But now it's back to the grind.  I've had my fun, I need to get back on track.  Matt and I have about a month before we move cross country to California.  I know that's going to be a major disruption in my life.  I don't want to know how long we'll have to go without access to a full kitchen or our kitchen equipment.  Even if all goes according to plan, July is going to be a stress-filled month.  And based on some of the interactions I've had with the people handling my move, assuming that all will go according to plan is quite optimistic.

So my goal for June is to really ingrain some of the healthy habits that will carry me through times of stress.  Those include:

1. Having healthy snacks on hand for when I get hungry
2. Watching my portions - even if I can't control what's put in front of me, I can control how much of it I eat
3. Finding healthier outlets for my stress than junk food
4. Keeping activity a part of my daily routine.  Even if I can't get to the gym or take 60 minutes to do Wii Fit, I can at least go for a 20 minute walk on my lunch break, or take the stairs instead of the elevator

I know these aren't concrete goals, they can't be measured.  The TA that taught my "Fitness for Life" lab in college would be disappointed.  But if I focus on them, and really ingrain them in my lifestyle this month, when I'm more or less in control, when I feel things spiraling out of control next month, I will have them to fall back on.

Here's an example of how I put goals 2 and 4 into practice on Friday.  Matt, a friend, and I met up at Truckeroo, a Food Truck festival near my office.  Matt and I both got sandwiches from El Floridano.  If you're in DC and haven't tried them, find out when they'll be near you.  For $7 a sandwich, you won't regret it!  They have great vegan options as well as normal pulled pork sandwiches.  If you get the tempeh, it's not a bad meal, points wise.  I picked El Floridano because, unlike some of the other options, I felt like they had reasonable portion sizes.  After sandwiches, I had a green tea popcicle from Pleasant Pops.  Matt had the Strawberry Rhubarb.  Overall, it was a high points dinner, but I had planned for it, and I definitely don't feel like I went overboard.

After dinner, we all walked down to the new Yards park in Navy Yards for some live music.

Matt and I at the Yards

 The Electric Slide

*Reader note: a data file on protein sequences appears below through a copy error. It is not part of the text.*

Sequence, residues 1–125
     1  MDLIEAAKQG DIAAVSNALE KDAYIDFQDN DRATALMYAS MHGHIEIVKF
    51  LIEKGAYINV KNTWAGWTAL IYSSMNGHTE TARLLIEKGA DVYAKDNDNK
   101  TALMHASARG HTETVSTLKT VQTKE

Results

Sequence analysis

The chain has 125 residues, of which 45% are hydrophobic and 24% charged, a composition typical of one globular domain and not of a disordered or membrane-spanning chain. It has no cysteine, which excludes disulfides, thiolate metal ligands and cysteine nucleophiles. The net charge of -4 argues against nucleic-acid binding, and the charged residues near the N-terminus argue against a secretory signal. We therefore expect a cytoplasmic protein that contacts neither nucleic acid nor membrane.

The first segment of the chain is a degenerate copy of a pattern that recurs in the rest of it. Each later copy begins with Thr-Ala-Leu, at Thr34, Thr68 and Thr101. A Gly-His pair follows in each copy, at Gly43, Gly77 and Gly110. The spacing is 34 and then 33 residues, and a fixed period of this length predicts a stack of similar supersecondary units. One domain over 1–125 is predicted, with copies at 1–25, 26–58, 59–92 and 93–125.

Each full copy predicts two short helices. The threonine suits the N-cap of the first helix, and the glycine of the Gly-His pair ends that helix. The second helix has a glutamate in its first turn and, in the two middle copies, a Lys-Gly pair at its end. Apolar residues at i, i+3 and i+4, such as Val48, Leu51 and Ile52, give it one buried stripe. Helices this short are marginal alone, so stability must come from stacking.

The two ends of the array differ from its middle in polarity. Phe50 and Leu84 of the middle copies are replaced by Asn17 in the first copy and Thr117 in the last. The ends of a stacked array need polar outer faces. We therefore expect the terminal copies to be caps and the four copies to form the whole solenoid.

The Anacostia Waterfront at night

The Yards Park

An evening of free music, just enough good food to feel good about it, and walking.  I felt in control, I had fun, and I wasn't obsessing about my weight loss journey.  It felt great!

Thursday, June 2, 2011

Vegetarian Sloppy Joes

So we just got back from a week out of town -- four days of which were spent on the Ohio, Indiana, Illinois, and Pennsylvania turnpikes -- an environment not conducive to vegetarianism per se.

Anyway, now we are home, and perhaps we can indulge ourselves in a little junk food after thousands of miles of highway billboards for tacos and hamburgers.

Not too junk-y, though, I still have to get some whole grains and vegetables into our bodies somehow. To that end: vegan sloppy joes.

So they're not really sloppy joes, they're really just glorified beans on toast, but they were really good and I will totally make them again.

It's almost too simple to be a recipe, but here you go:

  • half an onion, diced
  • 2 carrots, grated or diced
  • 2 stalks celery, diced
  • 8 oz button mushrooms, diced
  • 1 Tbsp molasses
  • 1 Tbsp nutritional yeast
  • 2 oz tomato paste
  • 2 tsp soy sauce
  • 1 Tbsp dried parsley
  • 2 tsp dried oregano
  • 2 tsp red pepper flakes
  • 4-6 oz water
  • salt and pepper to taste
  • 1 can Heinz vegetarian beans

Sweat the veggies in a little olive oil, then add everything else. You win!

I got six sangwiches out of this. It might not even have needed the beans, but I like beans, sooo...

Scoop some up on a roll, such as these whole wheat kaiser rolls, with whatevs on the side: some french fries, perhaps, if you are not recovering from a nutritionally dubious American road trip.

We had a little green salad with some tahini-mustard vinaigrette. It was excellent.